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Do Objectivists truly believe Objectivism will ever be more than a philosophy of the few?

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Consider this portion of a paragraph from "What Can One Do?"

There are also a great many men who are indifferent to ideas and to anything beyond the concrete-bound range of the immediate moment; such men accept subconsciously whatever is offered by the culture of their time, and swing blindly with any chance current. They are merely social ballast—be they day laborers or company presidents—and, by their own choice, irrelevant to the fate of the world.

While being able to state things collectively this way, the quantitative  singular nature of Rand's expression can shine through.

Sometimes I wonder if it is agreement and accordance sought by those with which Rand's words resonate, or if discordance and division are the "natural" line of demarcation.

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20 hours ago, MisterSwig said:

Catholic Inquisitors persecuted people for being heretics. Soviets persecuted people for being religious, being capitalist, and resisting collectivization. Those aren't identical reasons.

Also, the ends were different. Catholic heretics were forced to repent, tortured into confessing, or burned at the stake. The Soviets imprisoned their opposition in labor camps, worked many to death, and let some groups, like the Ukrainians, starve in famines.

 

The identical motive was maintaining, forcing, *the purity* of the relevant ideology. A capitalist and religionist was seen, equally, to be a "heretic" to the communists as to the inquisitors. One minor distinction was that Catholics believed they were saving one's immortal soul. Not believing in this, the Soviets punished and executed (mortal) men and women, and removed their contaminating heresy from society.

Edited by whYNOT

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9 hours ago, MisterSwig said:

None of the statements you quoted imply collectivism.

Before I quoted you, I said there is no singular line, because they would be out of context quotes. I gave you some quotes anyway because you wanted something. But now you're saying you don't like that I gave you out of context quotes! They don't necessarily imply collectivism, but in context of everything you wrote and said, they do.

If you don't really want to get into it, that's fine, I'm just be curious as to any related sources about what you think. 

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8 hours ago, dream_weaver said:

While being able to state things collectively this way, the quantitative  singular nature of Rand's expression can shine through.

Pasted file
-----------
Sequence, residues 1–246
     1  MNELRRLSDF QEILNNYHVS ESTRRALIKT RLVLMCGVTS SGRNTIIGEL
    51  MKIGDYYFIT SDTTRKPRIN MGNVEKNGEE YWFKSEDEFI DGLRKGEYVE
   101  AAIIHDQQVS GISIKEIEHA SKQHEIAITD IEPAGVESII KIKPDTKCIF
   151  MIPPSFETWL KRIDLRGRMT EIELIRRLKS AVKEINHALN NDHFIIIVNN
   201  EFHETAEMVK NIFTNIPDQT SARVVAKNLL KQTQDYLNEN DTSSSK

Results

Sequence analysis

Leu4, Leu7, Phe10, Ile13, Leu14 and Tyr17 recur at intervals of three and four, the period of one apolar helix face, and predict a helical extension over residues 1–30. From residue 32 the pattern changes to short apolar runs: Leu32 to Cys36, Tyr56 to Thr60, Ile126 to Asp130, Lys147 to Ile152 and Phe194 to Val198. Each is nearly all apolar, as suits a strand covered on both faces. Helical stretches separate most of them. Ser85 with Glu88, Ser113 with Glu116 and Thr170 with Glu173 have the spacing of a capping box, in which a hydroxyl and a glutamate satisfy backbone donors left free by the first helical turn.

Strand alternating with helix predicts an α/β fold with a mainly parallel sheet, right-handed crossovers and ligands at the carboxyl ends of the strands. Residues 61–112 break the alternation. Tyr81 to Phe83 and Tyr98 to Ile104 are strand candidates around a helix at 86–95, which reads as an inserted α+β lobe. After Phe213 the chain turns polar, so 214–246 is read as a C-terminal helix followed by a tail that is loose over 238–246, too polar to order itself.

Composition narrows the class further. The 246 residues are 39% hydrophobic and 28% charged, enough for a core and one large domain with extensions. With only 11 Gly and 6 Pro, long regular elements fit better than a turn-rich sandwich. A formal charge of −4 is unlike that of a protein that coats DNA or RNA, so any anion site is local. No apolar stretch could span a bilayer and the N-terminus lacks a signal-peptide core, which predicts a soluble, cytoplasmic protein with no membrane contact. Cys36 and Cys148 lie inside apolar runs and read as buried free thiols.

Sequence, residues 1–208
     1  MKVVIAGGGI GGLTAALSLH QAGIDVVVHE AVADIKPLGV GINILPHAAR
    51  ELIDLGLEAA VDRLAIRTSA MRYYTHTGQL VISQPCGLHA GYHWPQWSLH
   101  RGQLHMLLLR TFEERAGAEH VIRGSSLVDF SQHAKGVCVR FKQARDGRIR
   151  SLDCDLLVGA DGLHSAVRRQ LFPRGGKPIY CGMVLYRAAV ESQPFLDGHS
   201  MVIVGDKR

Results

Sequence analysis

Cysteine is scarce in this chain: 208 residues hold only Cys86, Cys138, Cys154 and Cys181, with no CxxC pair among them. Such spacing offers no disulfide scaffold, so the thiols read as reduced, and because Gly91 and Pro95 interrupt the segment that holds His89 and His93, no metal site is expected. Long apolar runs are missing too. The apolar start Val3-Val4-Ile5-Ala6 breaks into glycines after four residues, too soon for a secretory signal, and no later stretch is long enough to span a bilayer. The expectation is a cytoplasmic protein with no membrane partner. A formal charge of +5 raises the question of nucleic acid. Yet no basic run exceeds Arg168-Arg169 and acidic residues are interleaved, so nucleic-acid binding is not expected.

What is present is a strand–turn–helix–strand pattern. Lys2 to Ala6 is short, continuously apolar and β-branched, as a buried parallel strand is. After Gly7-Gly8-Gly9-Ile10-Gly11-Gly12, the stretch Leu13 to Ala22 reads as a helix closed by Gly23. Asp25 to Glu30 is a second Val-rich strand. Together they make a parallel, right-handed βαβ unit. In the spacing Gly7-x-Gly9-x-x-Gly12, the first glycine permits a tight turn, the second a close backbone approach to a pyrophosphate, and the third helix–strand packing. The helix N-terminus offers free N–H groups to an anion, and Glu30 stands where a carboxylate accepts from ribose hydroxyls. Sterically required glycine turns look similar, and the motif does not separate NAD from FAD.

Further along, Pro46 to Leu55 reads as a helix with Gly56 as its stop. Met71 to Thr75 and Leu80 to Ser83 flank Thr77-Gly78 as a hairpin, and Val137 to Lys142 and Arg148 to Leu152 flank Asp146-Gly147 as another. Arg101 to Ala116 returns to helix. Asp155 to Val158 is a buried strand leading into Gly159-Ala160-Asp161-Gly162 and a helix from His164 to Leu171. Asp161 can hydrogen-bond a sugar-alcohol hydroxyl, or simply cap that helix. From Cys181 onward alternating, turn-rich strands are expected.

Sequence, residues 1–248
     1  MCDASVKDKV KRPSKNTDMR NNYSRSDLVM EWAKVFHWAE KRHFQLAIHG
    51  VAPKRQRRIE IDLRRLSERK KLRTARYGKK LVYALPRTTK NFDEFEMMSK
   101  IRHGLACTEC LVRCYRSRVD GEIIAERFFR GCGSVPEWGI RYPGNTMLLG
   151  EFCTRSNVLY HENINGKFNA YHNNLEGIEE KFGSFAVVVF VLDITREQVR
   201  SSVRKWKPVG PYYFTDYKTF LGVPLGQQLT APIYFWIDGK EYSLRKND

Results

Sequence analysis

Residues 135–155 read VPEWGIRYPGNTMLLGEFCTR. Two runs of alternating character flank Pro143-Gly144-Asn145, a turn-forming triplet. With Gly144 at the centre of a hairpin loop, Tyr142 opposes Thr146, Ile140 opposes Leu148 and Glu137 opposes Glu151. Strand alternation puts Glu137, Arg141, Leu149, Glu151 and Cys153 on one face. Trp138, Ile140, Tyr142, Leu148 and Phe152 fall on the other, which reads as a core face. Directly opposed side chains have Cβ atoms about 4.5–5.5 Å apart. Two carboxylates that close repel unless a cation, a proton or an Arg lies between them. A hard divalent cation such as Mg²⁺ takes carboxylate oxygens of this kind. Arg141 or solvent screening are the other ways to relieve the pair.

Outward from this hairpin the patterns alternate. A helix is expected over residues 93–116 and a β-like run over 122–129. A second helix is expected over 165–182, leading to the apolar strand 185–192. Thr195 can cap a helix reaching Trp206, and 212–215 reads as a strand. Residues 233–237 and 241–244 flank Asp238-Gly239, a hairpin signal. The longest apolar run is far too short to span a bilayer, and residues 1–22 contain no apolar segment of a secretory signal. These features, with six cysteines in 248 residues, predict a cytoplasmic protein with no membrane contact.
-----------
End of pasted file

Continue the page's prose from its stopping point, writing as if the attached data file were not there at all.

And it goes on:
Even if you accept Rand's metaphor of human ballast, such ballast is not of one mind, as long as there is more than one choice to be made. There is ballast for the socialists and ballast for the capitalists. A nation is not one ship. It's a fleet that either remains together or separates. So this ballast is not inconsequential. It determines which ships stay upright, and which ships lose their balance, forcing the crews to board another ship or perish in the sea. 

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22 hours ago, Eiuol said:

 

By creative genius I don't mean "the only truly rational individuals". They are individuals of the highest degree of rationality and individuality. It's the difference between Eddie Willers and Dagny Taggart. Eddie is average, a good person, and generally quite rational. Dagny is above average, an actual hero, and much better at applying rationality to her life (and because it's fiction, we know what goes on in her private life and don't need to wonder if she is privately a pretty nasty person). It doesn't matter if Dagny became a towering figure in history, but creative genius like hers is a necessary requirement to alter the world in a consequential way. 

I didn't level that at you personally. You recalled a thought I've had often. (The meme of the predetermined, almost, "creative genius"). There's reality which one has to refer to first, foremost, during and after. I'm also in favor of presenting the highs and low points of human endeavor, the extreme of rationality, reason, individualism - against the extreme of people who explicitly oppose those virtues/values. Contrast makes these things clearer for thought and discussion. The hallmark of Rand's romantic realism is the essentialization of fictional characters. Her readers may take out the essential ideas of the individuals and their subsequent acts and triumphs (or overthrow) as reference points, which we can hold in common. "Dagny" instantly brings her specific qualities and so on, to mind.  A 'Toohey" represents the lowest. Elsewhere, lie the "Eddies" whom Rand didn't overlook, and treated sympathetically if briefly - they simply weren't important enough in her creative, philosophical scheme of things - the extremes. In actuality, the thinking/valuing Eddies make up the majority of good people we know of.